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Aboriginal physician use in Canada: location, orientation and identity.

https://arctichealth.org/en/permalink/ahliterature209126
Source
Health Econ. 1997 Mar-Apr;6(2):197-207
Publication Type
Article
Author
K B Newbold
Author Affiliation
Department of Geography, University of Illinois, Urbana 61801, USA. newbold@uiuc.edu
Source
Health Econ. 1997 Mar-Apr;6(2):197-207
Language
English
Publication Type
Article
Keywords
Adolescent
Adult
Aged
Canada - epidemiology
Female
Health Care Surveys
Health status
Humans
Indians, North American
Likelihood Functions
Logistic Models
Male
Middle Aged
Personal Health Services - utilization
Socioeconomic Factors
Abstract
The main objectives of this paper are to compare Aboriginal and Canadian health status and physician use and to identify the factors associated with the use of physician services. Data are drawn from the 1991 Aboriginal Peoples Survey (APS) and the 1991 General Social Survey (GSS), which are weighted random samples of the Aboriginal and total Canadian populations, respectively. The results demonstrate that Aboriginals were much less likely to use physician services, even though Aboriginals rank their health similarly to the total Canadian population. Location becomes an important aspect of both physician use and health status, with Aboriginals residing on-reserve generally having lower levels of self-assessed health and less likely to have seen a physician. While Aboriginals with the poorest health status were more likely to have seen a physician, other factors including education were found to be barriers to use of health care. Aboriginal identity and cultural orientation provided mixed results.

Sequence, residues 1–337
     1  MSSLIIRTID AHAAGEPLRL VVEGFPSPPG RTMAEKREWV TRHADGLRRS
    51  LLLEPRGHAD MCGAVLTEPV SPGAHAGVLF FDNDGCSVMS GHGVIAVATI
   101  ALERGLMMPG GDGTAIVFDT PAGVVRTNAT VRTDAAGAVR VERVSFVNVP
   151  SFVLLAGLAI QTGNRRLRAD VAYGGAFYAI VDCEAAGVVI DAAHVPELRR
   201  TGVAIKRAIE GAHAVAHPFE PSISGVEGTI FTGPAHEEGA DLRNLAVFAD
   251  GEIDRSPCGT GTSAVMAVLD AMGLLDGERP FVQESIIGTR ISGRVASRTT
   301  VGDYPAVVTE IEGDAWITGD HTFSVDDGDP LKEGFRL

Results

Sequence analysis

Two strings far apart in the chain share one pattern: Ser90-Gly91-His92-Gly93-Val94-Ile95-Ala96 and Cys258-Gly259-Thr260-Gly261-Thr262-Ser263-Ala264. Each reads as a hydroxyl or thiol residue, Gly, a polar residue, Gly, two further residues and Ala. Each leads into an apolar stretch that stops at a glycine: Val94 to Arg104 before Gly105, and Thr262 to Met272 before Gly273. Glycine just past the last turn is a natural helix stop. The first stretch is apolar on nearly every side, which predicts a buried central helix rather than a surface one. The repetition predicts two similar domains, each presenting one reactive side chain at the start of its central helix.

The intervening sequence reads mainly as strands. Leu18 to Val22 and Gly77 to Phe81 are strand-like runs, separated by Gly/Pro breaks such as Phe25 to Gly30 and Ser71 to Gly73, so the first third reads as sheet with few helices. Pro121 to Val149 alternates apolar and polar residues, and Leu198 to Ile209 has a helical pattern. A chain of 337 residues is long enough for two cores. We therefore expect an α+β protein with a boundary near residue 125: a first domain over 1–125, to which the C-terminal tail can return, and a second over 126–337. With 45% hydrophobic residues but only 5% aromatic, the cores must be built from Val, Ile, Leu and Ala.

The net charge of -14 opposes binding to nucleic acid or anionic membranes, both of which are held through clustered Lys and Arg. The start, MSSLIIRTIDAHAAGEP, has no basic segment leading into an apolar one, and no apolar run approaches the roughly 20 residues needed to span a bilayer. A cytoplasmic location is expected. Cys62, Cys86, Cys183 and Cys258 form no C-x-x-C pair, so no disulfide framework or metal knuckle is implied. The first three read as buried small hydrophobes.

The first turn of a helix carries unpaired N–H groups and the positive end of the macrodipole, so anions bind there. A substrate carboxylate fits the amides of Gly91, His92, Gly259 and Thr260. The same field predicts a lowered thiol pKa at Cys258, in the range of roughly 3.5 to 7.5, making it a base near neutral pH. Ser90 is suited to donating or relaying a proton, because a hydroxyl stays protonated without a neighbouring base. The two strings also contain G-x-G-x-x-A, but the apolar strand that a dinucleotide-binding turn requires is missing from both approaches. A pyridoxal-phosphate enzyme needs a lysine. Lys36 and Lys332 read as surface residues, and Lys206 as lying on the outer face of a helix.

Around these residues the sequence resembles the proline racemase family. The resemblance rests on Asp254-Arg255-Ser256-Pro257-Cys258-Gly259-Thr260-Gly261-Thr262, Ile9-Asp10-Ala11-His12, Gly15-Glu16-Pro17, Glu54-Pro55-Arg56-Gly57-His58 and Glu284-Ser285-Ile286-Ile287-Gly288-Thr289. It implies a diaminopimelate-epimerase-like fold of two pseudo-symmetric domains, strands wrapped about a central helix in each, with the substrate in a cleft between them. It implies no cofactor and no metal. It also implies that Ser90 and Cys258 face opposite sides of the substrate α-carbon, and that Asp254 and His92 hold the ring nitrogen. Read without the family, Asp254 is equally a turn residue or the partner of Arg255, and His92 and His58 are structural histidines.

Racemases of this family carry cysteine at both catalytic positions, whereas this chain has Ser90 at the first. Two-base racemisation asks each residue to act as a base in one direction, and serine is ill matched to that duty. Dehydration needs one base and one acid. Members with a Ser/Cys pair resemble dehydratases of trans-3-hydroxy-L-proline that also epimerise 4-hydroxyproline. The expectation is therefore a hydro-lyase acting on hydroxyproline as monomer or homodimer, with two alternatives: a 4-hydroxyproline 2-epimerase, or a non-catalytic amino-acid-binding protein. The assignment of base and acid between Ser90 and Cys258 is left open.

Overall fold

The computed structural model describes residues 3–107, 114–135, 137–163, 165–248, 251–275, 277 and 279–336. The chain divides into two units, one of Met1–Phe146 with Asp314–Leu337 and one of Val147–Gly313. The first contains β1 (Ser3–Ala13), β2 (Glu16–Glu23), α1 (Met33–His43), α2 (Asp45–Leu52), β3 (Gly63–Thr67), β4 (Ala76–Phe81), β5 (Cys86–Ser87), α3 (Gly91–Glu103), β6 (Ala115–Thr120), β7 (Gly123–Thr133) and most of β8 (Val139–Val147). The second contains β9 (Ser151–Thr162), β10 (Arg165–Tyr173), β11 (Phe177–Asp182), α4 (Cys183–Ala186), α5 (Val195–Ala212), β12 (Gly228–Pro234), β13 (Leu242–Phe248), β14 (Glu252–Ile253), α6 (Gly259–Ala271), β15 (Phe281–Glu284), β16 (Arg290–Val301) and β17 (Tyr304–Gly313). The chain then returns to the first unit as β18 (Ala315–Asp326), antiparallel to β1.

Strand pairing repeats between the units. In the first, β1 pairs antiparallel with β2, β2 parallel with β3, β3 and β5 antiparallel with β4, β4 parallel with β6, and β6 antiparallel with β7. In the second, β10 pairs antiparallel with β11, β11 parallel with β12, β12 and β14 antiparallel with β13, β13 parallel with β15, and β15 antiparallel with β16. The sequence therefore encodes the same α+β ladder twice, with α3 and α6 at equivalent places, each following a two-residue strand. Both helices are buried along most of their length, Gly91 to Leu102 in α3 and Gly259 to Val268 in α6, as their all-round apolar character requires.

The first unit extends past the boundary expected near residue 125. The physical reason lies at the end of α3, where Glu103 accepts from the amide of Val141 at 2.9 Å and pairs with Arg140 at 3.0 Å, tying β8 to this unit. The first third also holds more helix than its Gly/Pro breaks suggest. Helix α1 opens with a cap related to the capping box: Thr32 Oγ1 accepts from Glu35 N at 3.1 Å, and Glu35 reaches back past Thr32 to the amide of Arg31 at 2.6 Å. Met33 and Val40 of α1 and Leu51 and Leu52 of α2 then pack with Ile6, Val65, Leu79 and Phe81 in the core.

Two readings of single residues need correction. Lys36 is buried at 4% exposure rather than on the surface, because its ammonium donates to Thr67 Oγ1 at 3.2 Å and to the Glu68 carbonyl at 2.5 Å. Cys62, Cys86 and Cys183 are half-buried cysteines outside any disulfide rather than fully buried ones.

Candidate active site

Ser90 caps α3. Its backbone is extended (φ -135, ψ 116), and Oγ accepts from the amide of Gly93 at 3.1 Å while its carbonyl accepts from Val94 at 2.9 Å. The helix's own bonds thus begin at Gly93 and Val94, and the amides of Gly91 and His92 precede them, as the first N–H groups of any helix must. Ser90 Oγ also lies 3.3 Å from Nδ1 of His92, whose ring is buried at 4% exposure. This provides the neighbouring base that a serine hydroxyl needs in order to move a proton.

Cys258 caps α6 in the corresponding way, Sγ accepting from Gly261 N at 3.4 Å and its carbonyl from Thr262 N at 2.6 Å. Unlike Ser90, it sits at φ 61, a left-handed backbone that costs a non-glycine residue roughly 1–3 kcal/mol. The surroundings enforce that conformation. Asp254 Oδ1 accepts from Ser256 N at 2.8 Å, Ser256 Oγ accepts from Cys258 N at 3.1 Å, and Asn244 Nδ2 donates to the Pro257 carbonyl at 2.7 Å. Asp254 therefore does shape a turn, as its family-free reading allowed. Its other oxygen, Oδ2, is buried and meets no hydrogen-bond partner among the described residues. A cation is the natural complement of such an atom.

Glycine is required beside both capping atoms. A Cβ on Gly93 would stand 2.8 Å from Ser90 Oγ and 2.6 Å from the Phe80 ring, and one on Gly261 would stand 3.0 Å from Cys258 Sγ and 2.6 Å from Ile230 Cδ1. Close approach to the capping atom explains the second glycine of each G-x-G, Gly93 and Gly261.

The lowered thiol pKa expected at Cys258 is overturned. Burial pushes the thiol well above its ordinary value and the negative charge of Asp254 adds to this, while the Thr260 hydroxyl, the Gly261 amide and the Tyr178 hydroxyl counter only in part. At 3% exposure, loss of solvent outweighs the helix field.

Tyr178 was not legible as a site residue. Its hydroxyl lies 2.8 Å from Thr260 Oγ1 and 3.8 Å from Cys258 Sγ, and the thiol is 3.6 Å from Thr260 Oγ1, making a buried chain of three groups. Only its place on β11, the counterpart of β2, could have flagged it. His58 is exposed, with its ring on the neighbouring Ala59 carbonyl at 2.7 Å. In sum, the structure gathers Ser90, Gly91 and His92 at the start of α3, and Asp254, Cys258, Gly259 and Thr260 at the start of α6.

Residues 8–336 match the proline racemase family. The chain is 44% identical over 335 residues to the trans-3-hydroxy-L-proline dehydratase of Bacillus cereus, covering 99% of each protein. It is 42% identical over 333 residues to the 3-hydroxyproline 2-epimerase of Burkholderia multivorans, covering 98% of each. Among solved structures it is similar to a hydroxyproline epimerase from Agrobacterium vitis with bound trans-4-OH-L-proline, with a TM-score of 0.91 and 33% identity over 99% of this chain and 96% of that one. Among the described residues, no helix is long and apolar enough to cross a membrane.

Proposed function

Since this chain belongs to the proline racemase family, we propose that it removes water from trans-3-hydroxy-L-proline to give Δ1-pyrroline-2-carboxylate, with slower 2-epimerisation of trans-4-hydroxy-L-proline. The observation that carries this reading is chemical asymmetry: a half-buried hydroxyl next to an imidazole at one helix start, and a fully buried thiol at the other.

PubMed ID
9158971 View in PubMed
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Access and utilization: a continuum of health service environments.

https://arctichealth.org/en/permalink/ahliterature211173
Source
Soc Sci Med. 1996 Sep;43(6):975-83
Publication Type
Article
Date
Sep-1996
Author
M W Rosenberg
N T Hanlon
Author Affiliation
Department of Geography, Queen's University, Kingston, Ontario, Canada.
Source
Soc Sci Med. 1996 Sep;43(6):975-83
Date
Sep-1996
Language
English
Publication Type